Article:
1. Which human rights may be affected?

  1. Dignity

  2. Access to information

  3. Education

  4. Health care

  5. Bodily integrity

  6. Freedom of expression

  7. Non-discrimination

  8. Equality

  9. Privacy

  10. etc

STEP 2: EXPLORING THE GOVERNMENT’S COMMITMENTS


WHICH TREATIES AND CONSENSUS DOCUMENTS ARE RELEVANT? (DOREEN & SESONA)
2.1. Which international treaties has your country ratified? Were any reservations or limitations made?


  1. CEDAW

  2. ILO

  3. CERD

  4. CRC

  5. CRPD

2.2. Which relevant regional treaties has your country ratified?




  1. African Charter on Human and Peoples’ Rights (1981), Art. 16.

  2. Protocol to the African Charter on Human and Peoples’ Rights on the Rights of Women in Africa (2003)

2.3. Which consensus documents does your government support?





  1. Beijing Platform for Action, paragraph 89 – 105, Strategic objective C1 – C5.

  2. United Nations Millennium Declaration, paragraph 25 (2000).

  3. Millennium Development Goals (MDGs) 1; 3; 4; 5; 6; 7;

  4. ICPD Programme of Action (or Cairo Programme of Action) 1994.

  5. Declaration of Alma Ata, adopted on the International Conference on Primary Health Care 1978.

  6. Declaration on the Elimination of Violence against Women 1993.

  7. Declaration on the Right to Development (Vienna Declaration and Programme of Action) 1993

  8. Principles for the Protection of Persons with Mental Illness and the Improvement of Mental Health Care (1991).

  9. Declaration on the Rights of Disabled Persons General Assembly Resolution 3447 1975 .

  10. For Africa: Maputo Plan of Action on Sexual and Reproductive Health and Rights.

2.4. Is the government bound to other bilateral or multilateral agreements which may influence the policy? Which ones?




  1. Yes.

  2. SADC Protocol on Gender and Development.

2.5. What does the Constitution or other national laws say about the right to health.




  1. Assuring access to health care;

  2. On family planning;

  3. Assuring adequate health – related information;

  4. Providing protection against harmful traditional practices;

  5. Labour laws concerning the working conditions, domestic workers, pregnant women and maternity leave;

  6. Laws relating to the environment;

  7. Gender equality.

2.6. Does the country have a law prohibiting the discrimination of women? Or does the policy that you are analysing have specific non – discriminatory clauses that are relevant to your analysis?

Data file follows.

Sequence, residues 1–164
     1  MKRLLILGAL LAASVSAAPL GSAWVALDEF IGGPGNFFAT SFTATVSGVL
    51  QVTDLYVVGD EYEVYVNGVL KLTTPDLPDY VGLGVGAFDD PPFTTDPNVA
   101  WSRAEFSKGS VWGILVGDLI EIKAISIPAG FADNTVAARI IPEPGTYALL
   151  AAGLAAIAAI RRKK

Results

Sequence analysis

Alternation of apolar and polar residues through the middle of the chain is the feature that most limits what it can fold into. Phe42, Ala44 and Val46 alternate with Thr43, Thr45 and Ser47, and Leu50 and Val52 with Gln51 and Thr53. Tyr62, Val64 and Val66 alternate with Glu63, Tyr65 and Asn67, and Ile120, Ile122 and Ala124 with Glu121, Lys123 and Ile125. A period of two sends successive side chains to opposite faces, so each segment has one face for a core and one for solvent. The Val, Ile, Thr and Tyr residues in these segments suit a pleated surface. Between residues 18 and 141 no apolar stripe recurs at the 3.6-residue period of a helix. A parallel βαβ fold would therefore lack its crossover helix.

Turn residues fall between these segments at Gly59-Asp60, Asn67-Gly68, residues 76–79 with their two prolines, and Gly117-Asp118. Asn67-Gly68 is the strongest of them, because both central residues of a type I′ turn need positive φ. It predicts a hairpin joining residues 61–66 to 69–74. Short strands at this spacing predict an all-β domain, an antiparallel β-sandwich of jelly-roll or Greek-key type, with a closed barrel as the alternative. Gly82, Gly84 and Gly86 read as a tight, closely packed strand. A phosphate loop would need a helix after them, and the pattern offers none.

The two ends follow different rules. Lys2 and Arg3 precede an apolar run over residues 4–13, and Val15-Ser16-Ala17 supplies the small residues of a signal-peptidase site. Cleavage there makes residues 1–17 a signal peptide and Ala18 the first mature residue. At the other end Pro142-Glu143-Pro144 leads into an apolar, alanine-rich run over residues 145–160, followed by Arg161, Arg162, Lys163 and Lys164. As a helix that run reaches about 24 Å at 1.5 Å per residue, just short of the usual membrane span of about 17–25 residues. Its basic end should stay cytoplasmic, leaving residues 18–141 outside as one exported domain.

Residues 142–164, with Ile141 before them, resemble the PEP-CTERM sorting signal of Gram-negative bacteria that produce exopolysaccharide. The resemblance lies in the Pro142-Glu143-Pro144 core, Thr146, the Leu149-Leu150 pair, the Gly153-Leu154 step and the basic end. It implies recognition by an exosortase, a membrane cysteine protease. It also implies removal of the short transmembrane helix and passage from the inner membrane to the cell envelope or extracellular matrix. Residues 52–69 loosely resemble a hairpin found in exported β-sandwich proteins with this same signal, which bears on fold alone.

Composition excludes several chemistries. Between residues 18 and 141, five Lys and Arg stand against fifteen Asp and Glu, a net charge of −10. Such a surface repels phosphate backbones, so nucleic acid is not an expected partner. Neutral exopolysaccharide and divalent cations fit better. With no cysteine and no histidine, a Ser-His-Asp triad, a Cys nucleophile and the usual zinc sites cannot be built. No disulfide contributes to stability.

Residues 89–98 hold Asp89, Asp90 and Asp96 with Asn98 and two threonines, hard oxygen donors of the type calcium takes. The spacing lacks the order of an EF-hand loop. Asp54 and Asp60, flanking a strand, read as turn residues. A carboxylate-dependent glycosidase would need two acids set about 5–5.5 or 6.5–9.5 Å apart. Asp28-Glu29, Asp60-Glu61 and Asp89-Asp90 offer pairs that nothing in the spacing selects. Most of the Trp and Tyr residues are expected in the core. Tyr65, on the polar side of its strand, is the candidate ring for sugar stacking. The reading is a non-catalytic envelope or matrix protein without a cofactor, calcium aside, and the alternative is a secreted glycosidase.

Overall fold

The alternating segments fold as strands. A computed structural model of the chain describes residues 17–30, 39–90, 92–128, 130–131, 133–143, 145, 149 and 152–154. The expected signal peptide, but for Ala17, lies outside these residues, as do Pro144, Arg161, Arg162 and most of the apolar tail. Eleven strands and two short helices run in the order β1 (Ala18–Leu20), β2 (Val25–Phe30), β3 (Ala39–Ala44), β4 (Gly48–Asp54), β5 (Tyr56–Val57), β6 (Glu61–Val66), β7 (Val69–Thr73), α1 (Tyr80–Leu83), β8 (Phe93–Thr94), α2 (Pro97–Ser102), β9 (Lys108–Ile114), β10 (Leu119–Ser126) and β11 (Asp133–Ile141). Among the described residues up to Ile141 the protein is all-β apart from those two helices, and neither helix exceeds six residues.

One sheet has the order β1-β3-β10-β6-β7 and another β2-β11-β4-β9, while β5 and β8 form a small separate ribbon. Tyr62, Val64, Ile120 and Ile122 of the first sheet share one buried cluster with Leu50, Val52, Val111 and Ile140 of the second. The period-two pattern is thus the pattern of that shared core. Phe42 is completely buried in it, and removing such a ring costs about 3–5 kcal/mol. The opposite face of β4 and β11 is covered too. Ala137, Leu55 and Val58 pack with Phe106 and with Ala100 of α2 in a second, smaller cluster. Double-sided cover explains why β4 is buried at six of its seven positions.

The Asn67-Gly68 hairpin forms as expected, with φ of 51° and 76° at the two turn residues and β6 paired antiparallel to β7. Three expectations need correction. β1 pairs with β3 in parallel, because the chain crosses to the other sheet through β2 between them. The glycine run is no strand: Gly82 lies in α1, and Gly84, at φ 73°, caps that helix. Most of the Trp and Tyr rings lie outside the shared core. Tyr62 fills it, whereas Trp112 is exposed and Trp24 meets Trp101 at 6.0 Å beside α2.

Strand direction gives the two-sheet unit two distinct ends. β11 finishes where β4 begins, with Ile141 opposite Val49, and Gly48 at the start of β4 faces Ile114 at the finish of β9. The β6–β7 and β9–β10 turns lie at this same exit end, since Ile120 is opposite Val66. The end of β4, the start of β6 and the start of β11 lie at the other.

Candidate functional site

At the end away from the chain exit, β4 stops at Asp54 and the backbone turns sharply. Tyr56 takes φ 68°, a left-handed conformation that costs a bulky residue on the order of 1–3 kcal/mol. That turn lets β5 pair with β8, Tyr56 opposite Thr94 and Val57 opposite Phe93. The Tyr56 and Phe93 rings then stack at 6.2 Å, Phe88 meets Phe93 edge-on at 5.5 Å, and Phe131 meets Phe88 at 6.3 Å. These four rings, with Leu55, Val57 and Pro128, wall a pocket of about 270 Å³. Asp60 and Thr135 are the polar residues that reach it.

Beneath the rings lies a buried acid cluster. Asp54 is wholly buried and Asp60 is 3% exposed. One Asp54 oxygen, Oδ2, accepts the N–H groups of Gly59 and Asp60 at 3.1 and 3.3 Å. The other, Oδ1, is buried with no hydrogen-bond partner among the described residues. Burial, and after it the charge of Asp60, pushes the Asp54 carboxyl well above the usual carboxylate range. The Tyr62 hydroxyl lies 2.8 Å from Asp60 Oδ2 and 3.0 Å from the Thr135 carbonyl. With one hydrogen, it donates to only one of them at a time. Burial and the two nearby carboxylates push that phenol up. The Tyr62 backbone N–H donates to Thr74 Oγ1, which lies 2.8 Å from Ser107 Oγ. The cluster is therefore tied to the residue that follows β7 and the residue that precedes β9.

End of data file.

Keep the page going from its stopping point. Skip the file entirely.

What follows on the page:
Yes it does in the Constitution’s Bill of Rights.

2.7. What does the Constitution or other National laws say about other rights which are relevant to the policy?

The Constitution of SA as well as Common Law/ Statutory law both have laws that are relevant to the policy and these are laws that address the following:


  1. Sexual rights;

  2. Reproductive rights;

  3. The right to gender equality;

  4. The right to informed decision;

  5. The right to non-discrimination.

2.8. Does the country have laws that criminalize medical procedures only needed by women and/or that punish women who undergo those procedures?


No it doesn’t.

2.9. Do local, customary or religious laws influence the health rights of women in relation to your policy?


No they do not.

2.10. Does the government have a national health strategy?


Yes it does and this is the National Strategic Plan (NSP).

2.11. Has the government developed indicators and benchmarks to measure its progress in relation to your policy?


The indicators and benchmarks in SA are outsourced by government to the HST and the Medical Research Council.

2.12. Which other national policies and strategies are relevant to the policy under analysis?




  1. Non-discrimination policy;

  2. Decentralization policy;

  3. Governmental employment policy;

  4. Privatization policy;

  5. Financial policies that affect health;

  6. Reproductive Rights Alliance.

2.13. What are the official ways by which individuals, NGOs and other civil society groups can influence policy-making and legislation (mechanisms for civil society participation)? And what level of participation applies to the policy under analysis looking at the above explanation?




  1. Village/community committees – Medium to High

  2. Voting in elections and referenda (local, regional and national) - High

  3. Patients’ associations and volunteer organisations - Low

  4. Government – NGO platforms - Medium

  5. Consultation in the development and evaluation stages of policy - High

  6. Committees that monitor the implementation of services – Low - Medium

  7. Oral and written reports to international organisations - High

  8. National and international conferences - High

  9. Media - High

  10. Social Movement - High

2.14. Where can people go to make a complaint (mechanisms for redress)? Are these mechanisms being used? Do these mechanisms effectively redress problems? Are there social or political risks involved when making a complaint?


(a) We found that all the following are mechanisms in use:

I. Ombudsmen;

II. Patients’ rights associations;


  1. National human rights commissions;

  2. Complaints procedures (at hospitals, ministries, administrative courts, etc.);

  3. Sanctions on health care professionals guilty of sexual abuse of women patients;

  4. Media;

  5. Police;

  6. CSOs.

(b) All the above mentioned effectively redress problems on the most part except the media.

(c) No to all the above mechanisms as far as political and societal risk.